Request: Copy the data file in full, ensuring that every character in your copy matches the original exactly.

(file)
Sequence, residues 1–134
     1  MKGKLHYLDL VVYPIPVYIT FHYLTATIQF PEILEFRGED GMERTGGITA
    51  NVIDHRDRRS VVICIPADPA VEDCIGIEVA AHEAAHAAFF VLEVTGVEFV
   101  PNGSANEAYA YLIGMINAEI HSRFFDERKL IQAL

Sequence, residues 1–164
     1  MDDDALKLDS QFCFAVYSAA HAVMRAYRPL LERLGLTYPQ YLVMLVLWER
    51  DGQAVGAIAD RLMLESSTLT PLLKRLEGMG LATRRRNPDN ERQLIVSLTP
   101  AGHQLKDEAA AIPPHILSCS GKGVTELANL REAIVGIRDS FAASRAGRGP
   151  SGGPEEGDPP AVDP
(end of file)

Sequence, residues 1–134
     1  MKGKLHYLDL VVYPIPVYIT FHYLTATIQF PEILEFRGED GMERTGGITA
    51  NVIDHRDRRS VVICIPADPA VEDCIGIEVA AHEAAHAAFF VLEVTGVEFV
   101  PNGSANEAYA YLIGMINAEI HSRFFDERKL IQAL

Sequence, residues 1–164
     1  MDDDALKLDS QFCFAVYSAA HAVMRAYRPL LERLGLTYPQ YLVMLVLWER
    51  DGQAVGAIAD RLMLESSTLT PLLKRLEGMG LATRRRNPDN ERQLIVSLTP
   101  AGHQLKDEAA AIPPHILSCS GKGVTELANL REAIVGIRDS FAASRAGRGP
   151  SGGPEEGDPP AVDP